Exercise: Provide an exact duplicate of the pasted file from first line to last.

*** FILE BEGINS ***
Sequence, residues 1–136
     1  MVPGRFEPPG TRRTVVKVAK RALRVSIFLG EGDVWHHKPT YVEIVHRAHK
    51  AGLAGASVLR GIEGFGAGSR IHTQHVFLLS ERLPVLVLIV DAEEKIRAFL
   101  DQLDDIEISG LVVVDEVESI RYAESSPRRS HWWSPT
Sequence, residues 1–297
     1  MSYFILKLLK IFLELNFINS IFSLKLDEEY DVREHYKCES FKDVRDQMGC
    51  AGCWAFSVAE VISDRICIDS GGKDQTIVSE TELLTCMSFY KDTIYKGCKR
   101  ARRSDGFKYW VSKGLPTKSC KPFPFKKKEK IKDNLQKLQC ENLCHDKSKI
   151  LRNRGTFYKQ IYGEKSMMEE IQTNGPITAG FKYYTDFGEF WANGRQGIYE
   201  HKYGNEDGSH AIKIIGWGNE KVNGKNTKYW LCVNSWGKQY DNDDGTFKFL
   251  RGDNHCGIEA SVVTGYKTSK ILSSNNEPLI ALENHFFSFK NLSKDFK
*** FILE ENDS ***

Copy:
Sequence, residues 1–136
     1  MVPGRFEPPG TRRTVVKVAK RALRVSIFLG EGDVWHHKPT YVEIVHRAHK
    51  AGLAGASVLR GIEGFGAGSR IHTQHVFLLS ERLPVLVLIV DAEEKIRAFL
   101  DQLDDIEISG LVVVDEVESI RYAESSPRRS HWWSPT
Sequence, residues 1–297
     1  MSYFILKLLK IFLELNFINS IFSLKLDEEY DVREHYKCES FKDVRDQMGC
    51  AGCWAFSVAE VISDRICIDS GGKDQTIVSE TELLTCMSFY KDTIYKGCKR
   101  ARRSDGFKYW VSKGLPTKSC KPFPFKKKEK IKDNLQKLQC ENLCHDKSKI
   151  LRNRGTFYKQ IYGEKSMMEE IQTNGPITAG FKYYTDFGEF WANGRQGIYE
   201  HKYGNEDGSH AIKIIGWGNE KVNGKNTKYW LCVNSWGKQY DNDDGTFKFL
   251  RGDNHCGIEA SVVTGYKTSK ILSSNNEPLI ALENHFFSFK NLSKDFK